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February 2013

Longreads: Can Graphene Drive the Green Economy?, Women and Mobile Financial Services, With River Blindness ‘You Never Sleep’

Donna Barne's picture

Find a good longread on development? Tweet it to @worldbank with the hashtag #longreads.

 

LongreadsA video about a “scientific accident that may change the world (or at least your battery life)” went “viral” in February.  Researchers at University of California, Los Angeles, found a way to make a “non-toxic, highly efficient energy storage medium out of pure carbon using absurdly simple technology,” says ReWire. The “graphene” battery is being touted as capable of “super-fast charging of everything from smartphones to electric cars,” according to ReWire. Responding to Climate Change (RTCC) asks whether the technology holds promise as a way to reduce greenhouse gas emissions. “Replacing heavier materials in vehicle manufacture with graphene, particularly in aircraft can lead to substantial fuel savings,” says RTCC.  Gizmodo anticipates how graphene could transform the gadgets of the future.

Making Open Data Work for Citizens: Four Lessons from Code4Kenya

Christopher Finch's picture

Code4KenyaEighteen months ago we watched President Kibaki launch the Kenya Open Data Initiative (KODI) to broad acclaim and fanfare.  All our initial expectations were very high. Some expected that Kenya’s vibrant ICT community would rapidly embrace open data, that there would be a rapid outpouring of open data sets from government agencies, and that open data would drive more informed development decision making.

However, although Kenya has a strong ICT sector, skilled development professionals, high cell phone penetration, a relatively open media and active CSOs, open data uptake has not been as rapid as some  expected. Traffic to Kenya’s open data portal has been consistent, with the Government’s portal generating around 100,000 page views a month, mostly from Kenya. The number of datasets on the portal has doubled from the initial 200 to more than 400 today, but still represents a tiny fraction of the data in Kenya.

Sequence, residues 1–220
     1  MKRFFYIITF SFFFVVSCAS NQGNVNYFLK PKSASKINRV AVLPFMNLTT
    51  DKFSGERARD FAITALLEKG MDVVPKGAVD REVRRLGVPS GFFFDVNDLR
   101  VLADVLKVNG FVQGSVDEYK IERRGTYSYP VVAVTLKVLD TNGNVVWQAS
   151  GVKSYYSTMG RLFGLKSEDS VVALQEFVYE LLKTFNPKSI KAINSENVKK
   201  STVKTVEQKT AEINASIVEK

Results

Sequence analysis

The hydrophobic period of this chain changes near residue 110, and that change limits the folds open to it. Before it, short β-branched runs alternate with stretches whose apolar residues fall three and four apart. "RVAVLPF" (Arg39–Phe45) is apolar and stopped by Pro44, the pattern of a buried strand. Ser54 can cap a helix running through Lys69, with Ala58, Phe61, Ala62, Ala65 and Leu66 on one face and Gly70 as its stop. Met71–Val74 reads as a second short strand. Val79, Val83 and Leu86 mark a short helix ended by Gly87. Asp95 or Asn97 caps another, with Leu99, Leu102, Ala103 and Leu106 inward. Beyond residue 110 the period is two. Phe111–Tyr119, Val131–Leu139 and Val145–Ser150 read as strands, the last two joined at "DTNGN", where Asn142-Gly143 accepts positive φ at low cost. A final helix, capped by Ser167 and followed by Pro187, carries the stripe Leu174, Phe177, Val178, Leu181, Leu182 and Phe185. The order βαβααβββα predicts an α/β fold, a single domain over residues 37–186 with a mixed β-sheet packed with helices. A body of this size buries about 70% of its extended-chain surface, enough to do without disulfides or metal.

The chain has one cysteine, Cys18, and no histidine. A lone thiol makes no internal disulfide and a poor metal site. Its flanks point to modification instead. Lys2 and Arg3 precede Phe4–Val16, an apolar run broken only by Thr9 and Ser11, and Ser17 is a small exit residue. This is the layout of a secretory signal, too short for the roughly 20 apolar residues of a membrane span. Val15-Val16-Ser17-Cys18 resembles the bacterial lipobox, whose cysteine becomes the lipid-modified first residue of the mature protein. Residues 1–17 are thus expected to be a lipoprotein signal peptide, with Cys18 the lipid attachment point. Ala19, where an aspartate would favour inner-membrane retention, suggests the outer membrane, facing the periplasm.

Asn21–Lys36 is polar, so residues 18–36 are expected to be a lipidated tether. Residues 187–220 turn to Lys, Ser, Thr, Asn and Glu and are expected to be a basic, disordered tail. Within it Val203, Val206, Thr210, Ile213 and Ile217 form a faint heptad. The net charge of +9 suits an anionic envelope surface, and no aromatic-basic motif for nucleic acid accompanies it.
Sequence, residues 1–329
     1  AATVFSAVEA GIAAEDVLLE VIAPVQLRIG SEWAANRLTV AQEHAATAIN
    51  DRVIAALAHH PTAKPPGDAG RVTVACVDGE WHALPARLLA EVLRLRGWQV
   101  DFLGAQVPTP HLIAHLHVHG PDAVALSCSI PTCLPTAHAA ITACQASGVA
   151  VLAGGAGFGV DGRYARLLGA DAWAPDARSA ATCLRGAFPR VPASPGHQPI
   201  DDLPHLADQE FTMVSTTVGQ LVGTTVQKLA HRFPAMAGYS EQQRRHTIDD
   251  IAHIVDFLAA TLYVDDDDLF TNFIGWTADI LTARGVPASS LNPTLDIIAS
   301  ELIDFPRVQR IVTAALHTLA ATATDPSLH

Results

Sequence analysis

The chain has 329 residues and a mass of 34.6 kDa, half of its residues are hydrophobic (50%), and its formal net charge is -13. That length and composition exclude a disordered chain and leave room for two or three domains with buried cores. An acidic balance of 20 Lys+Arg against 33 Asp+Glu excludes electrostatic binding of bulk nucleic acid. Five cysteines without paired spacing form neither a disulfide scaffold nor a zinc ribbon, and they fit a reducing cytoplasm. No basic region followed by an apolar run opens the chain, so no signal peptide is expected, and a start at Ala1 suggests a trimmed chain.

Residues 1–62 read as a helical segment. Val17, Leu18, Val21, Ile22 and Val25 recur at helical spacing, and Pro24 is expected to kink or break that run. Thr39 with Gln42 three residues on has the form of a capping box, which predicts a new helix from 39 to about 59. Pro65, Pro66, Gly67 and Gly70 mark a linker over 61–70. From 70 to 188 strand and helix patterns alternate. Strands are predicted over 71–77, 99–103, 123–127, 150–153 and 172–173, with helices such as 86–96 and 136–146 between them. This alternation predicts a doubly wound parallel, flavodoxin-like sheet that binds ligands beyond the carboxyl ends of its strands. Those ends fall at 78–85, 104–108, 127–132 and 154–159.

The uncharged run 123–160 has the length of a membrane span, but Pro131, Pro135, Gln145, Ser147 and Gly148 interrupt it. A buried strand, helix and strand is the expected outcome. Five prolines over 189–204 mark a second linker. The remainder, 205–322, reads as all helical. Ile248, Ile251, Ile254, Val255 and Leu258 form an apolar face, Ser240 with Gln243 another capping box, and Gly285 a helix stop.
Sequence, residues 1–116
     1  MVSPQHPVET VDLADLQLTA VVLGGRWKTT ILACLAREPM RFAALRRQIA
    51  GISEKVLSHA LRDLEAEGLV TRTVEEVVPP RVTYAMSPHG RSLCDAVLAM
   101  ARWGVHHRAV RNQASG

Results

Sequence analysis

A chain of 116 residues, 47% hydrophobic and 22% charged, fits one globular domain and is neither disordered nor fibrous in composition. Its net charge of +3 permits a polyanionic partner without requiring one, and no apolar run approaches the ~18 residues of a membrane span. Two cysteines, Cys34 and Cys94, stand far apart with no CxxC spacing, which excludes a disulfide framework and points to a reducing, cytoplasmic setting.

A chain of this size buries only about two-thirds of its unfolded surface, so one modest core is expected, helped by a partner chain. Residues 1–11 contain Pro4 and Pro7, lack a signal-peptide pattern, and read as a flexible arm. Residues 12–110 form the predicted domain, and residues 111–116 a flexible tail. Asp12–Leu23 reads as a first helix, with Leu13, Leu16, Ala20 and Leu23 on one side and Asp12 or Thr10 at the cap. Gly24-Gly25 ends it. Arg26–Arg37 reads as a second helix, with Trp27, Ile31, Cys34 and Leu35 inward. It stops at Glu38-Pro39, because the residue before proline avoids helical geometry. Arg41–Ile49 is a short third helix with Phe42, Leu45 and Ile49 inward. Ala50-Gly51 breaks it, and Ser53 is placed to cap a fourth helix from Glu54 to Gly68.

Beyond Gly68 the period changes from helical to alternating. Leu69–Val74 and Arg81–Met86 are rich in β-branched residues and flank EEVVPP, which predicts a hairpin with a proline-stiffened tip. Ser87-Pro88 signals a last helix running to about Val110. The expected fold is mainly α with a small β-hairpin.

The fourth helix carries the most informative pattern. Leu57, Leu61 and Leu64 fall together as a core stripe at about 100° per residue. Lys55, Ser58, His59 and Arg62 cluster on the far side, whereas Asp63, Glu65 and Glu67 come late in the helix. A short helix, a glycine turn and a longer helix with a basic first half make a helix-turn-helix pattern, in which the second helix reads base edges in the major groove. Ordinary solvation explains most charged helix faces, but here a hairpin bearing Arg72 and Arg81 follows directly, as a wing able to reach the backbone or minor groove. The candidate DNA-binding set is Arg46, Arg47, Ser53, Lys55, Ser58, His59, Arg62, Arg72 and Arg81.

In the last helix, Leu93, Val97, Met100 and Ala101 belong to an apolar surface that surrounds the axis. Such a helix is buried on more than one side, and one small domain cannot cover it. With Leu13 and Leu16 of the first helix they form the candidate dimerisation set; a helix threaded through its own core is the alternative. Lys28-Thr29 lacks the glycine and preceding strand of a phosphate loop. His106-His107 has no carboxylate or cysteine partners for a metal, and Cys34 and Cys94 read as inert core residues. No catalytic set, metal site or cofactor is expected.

So even in a country like Kenya with a dynamic ICT sector, simply making data available is only one step in a longer process.

Quick Guide to International Women’s Day: Live Chat, Data, a Contest, Videos and More

Donna Barne's picture

International Women’s Day 2013 comes at a time of heightened concerns globally about women’s safety in society—hence the day’s  theme: “A promise is a promise: Time for action to end violence against women.”  World Bank Group President Jim Yong Kim addresses the issue in a Huffington Post blog, and invites feedback from the public on ways to accelerate progress for women and girls.  You can ask questions and weigh in on the factors driving women’s empowerment in a live chat March 6 in English, French, and Spanish with Sustainable Development Vice President Rachel Kyte, and World Bank gender experts.  Find a complete list of World Bank International Women’s Day 2013 resources.

Participate

March 6 Live Chat: What Drives Empowerment?
11 a.m. EST (DC time), 16:00 GMT (Convert Time)

Post questions ahead of the chat for Sustainable Development Vice President Rachel Kyte, Gender and Development Director Jeni Klugman and other experts. Follow on Twitter with hashtag #WBLive.

Longreads: ‘Totally Drug-Resistant’ TB, Freshwater Losses in Middle East, Solar Wi-Fi in Kenya, Women’s Access to Justice

Donna Barne's picture

Find a good longread on development? Tweet it to @worldbank with the hashtag #longreads.

 

Longreads“Totally drug resistant” tuberculosis in South Africa became a hot topic on Reddit with the release of a new paper in Emerging Infectious Diseases, a journal published by the U.S. Centers for Disease Control. The paper was cited in a popular US News and World Report story describing the struggle of health care providers to confront the problem, as well as one doctor’s personal battle with the bacteria.  For more on the response angle, check out the Wall Street Journal’s story about a plan by Brazil, Russia, India, China and South Africa to fight drug-resistant TB.

NASA image
Source: NASA

Talking to the UN Security Council about Climate Change

Rachel Kyte's picture

Flags at the United Nations. UN Photos

This morning, I had the honor of speaking to the UN Security Council about an increasingly dangerous threat facing cities and countries around the world, a threat that, more and more, is influencing everything that they and we do: climate change.

World Bank President Jim Kim is in Russia right now talking with G20 finance ministers about the same thing – the need to combat climate change. Every day, we’re hearing growing concerns from leaders around the world about climate change and its impact.